Would you quit your job to help feed poor children around the world?
John Breen did.
Breen, of Bloomington, Ind., could be making a good living as a software programmer. Instead, the 42-year-old father of two decided to use about $20,000 of his own money and his computer skills to create a World Wide Web site devoted to collecting donations to feed hungry children.
As we come to the end of the millennium, I wanted to focus on someone who doesn't exemplify the stock-crazy, gotta-be-a- millionaire mentality that has befallen so many. When you have countless magazines asking "Why Aren't You Rich Yet?" it's wonderful to find people who aren't chasing after a buck.
That's why this summer I began a feature called "A Higher Value" to profile people who answer to a higher value than the color of money.
Breen fits the bill.
Breen created the Hunger Site (www.thehungersite.com), which joins a legion of other charity operations on the Web. What's different about the Hunger Site is that visitors don't have to buy anything in order for money to be donated to charity.
By clicking on the site's "Donate Free Food" button, people can donate a serving of rice, wheat or corn to a hungry child, at no expense to themselves.
The food is paid for by companies in exchange for advertisements on the site. Each sponsor pays half a cent for each "donation," which buys a quarter-cup of food. Late last week, for example, the donation page contained 11 ads, meaning each click bought 2 3/4 cups of food. Just think: One click a day and you can help feed some poor child. It's sobering when you realize that about 24,000 people die every day from hunger or hunger-related causes, and 75 percent of them are children. Breen illustrates this even further on his Web site. Every 3.6 seconds a country somewhere on the map displayed on the site flashes black, signifying that a person has died of hunger.
Since the Hunger Site was launched in June, more than 350,000 people have clicked each day, donating a daily average of 1 million cups of food. All donations generated by the site are given directly to the United Nations' World Food Program. To date, Breen said, this has amounted to nearly $400,000. About half of that total has gone to buy school lunches for thousands of children living in Ethiopia, according to Abby Spring, a spokeswoman for the U.N. program.
"This helps us so much because, as a large organization trying to make a dent in world hunger, it can be costly taking individual donations," Spring said. "You can become weighed down taking $2 checks, but the corporate donations we get from the Hunger Site allow us to feed so many. It's also a way to make people feel their click counts."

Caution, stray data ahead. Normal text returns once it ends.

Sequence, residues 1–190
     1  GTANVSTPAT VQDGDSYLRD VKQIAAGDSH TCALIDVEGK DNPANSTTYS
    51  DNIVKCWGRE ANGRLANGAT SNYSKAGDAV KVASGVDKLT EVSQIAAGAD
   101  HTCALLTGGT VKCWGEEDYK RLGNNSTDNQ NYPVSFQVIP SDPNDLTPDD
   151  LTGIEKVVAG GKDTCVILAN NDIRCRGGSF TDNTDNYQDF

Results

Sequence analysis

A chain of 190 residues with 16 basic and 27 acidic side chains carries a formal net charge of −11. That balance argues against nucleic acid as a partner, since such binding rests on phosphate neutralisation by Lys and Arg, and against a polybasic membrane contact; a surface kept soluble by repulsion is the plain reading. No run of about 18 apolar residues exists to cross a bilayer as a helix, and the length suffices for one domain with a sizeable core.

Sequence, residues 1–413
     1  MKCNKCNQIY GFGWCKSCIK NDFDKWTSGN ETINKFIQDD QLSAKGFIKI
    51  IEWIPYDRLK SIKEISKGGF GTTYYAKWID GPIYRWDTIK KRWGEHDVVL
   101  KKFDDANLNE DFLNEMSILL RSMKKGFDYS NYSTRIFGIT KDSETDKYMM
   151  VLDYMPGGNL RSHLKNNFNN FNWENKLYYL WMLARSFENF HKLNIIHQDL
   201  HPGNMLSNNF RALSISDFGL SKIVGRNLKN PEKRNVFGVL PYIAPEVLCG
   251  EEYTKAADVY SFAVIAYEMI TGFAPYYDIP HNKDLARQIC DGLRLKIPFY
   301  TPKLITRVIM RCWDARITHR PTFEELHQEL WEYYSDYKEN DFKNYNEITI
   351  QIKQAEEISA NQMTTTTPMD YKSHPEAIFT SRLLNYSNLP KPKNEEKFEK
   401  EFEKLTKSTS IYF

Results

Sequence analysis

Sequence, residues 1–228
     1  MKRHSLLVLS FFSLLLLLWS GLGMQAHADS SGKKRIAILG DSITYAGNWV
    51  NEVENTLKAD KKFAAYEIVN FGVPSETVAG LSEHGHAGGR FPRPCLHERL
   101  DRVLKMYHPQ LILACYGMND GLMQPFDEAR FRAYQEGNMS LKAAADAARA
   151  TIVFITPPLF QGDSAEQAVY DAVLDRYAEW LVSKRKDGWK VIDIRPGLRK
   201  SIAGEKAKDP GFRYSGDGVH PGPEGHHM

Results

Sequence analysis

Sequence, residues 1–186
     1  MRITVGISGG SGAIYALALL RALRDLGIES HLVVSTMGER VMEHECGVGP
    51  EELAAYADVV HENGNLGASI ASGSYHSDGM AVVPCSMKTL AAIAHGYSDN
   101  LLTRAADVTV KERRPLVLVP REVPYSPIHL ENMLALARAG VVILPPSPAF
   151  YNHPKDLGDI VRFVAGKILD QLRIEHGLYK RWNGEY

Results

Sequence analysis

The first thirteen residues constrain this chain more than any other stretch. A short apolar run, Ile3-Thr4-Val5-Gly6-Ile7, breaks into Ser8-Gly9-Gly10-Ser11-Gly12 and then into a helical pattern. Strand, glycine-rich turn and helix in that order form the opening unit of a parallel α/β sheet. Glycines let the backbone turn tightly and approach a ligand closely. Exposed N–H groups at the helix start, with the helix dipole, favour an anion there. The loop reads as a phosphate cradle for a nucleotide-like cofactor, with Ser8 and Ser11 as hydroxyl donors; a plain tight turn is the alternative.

To ensure that as much money as possible goes to the food program, Breen doesn't collect any proceeds from donations. At one point, Breen did charge sponsors a fee of about 14 percent of the donation amount. But two months after launching the site he stopped asking for the service charge, and the site is now run for free.
"It just didn't sit well with me to take a percentage of the money," Breen said. "It just nicer to say 100 percent of the money goes to alleviate hunger."
That's pretty extraordinary, because Breen works full time to manage the Web site, where sponsors continually come and go. Thankfully, he has support from his wife, Patricia McManus, a professor at Indiana University.
Breen, a soft-spoken man who is modest about his charity work, said he initially just wanted to create a computer bulletin board that would allow people to donate school supplies to poor children around the world. But during his research he found that what many of the children needed first was food.
So, he contacted the U.N. food program, which invited him to Rome to pitch his idea.
"We just thought the Internet would be a great new tool for us in the fight against such a global problem," said Spring, who added that Breen does all of the work to manage the site, including lining up sponsors.
When Proflowers.com heard about the site, the Internet-based flower company made it part of its marketing strategy. Proflowers, one of the Hunger Site's longest-running sponsors, has already spent $100,000 on food donations.
"This just fits our values as a company," said Barbara Bry, vice president of business development for Proflowers. "Certainly there is a less expensive way to acquire customers, but we feel the sponsorship of the site is important. Frankly, I think what John is doing is amazing."
What Breen has undertaken is so remarkable that I just had to ask him how he could give up his job to take on such a huge project.
"I just saw that it could be done," he simply said.
While Michelle Singletary welcomes comments and column ideas, she cannot offer specific personal financial advice. Readers can write to her at The Washington Post, 1150 15th St. NW, Washington, D.C., 20071, or by e-mail to singletarym@ washpost.com.